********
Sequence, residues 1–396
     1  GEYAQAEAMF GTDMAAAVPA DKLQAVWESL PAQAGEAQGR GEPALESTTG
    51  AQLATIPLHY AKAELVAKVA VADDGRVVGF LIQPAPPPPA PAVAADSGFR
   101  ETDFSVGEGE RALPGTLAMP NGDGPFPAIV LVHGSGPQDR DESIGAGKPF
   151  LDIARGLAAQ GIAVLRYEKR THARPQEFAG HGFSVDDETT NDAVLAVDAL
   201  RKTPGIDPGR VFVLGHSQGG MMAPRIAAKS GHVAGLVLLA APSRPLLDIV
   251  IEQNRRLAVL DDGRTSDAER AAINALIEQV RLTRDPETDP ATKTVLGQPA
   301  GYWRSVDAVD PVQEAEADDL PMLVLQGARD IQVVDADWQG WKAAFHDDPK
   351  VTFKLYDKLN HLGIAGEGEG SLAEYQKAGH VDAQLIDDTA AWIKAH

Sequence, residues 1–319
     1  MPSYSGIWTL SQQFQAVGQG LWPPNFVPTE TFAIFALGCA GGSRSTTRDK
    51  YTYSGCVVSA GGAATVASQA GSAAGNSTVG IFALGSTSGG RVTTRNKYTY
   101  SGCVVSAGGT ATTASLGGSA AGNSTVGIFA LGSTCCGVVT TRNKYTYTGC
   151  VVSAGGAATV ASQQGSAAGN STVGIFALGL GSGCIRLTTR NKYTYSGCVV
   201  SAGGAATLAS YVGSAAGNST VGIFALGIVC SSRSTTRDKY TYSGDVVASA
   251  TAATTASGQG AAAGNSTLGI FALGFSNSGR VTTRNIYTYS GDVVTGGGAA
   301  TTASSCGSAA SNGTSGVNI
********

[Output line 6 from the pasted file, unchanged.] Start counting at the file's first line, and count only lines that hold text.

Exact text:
   201  RKTPGIDPGR VFVLGHSQGG MMAPRIAAKS GHVAGLVLLA APSRPLLDIV